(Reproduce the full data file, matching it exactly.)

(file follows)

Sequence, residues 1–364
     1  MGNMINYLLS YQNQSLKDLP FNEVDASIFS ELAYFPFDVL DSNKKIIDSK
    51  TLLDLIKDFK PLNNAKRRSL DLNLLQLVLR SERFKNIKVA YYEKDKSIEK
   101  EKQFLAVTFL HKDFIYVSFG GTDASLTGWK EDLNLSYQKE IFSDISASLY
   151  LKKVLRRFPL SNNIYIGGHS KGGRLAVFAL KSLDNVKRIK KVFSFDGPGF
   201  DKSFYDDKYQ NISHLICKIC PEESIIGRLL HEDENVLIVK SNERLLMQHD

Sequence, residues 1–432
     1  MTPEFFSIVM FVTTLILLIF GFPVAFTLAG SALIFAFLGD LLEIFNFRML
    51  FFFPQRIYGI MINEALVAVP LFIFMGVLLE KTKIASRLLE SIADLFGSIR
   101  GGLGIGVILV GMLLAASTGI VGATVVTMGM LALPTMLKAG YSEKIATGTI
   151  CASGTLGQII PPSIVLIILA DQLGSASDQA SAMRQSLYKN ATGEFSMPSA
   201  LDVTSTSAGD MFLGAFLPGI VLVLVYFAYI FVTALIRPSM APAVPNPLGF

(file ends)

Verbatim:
Sequence, residues 1–364
     1  MGNMINYLLS YQNQSLKDLP FNEVDASIFS ELAYFPFDVL DSNKKIIDSK
    51  TLLDLIKDFK PLNNAKRRSL DLNLLQLVLR SERFKNIKVA YYEKDKSIEK
   101  EKQFLAVTFL HKDFIYVSFG GTDASLTGWK EDLNLSYQKE IFSDISASLY
   151  LKKVLRRFPL SNNIYIGGHS KGGRLAVFAL KSLDNVKRIK KVFSFDGPGF
   201  DKSFYDDKYQ NISHLICKIC PEESIIGRLL HEDENVLIVK SNERLLMQHD

Sequence, residues 1–432
     1  MTPEFFSIVM FVTTLILLIF GFPVAFTLAG SALIFAFLGD LLEIFNFRML
    51  FFFPQRIYGI MINEALVAVP LFIFMGVLLE KTKIASRLLE SIADLFGSIR
   101  GGLGIGVILV GMLLAASTGI VGATVVTMGM LALPTMLKAG YSEKIATGTI
   151  CASGTLGQII PPSIVLIILA DQLGSASDQA SAMRQSLYKN ATGEFSMPSA
   201  LDVTSTSAGD MFLGAFLPGI VLVLVYFAYI FVTALIRPSM APAVPNPLGF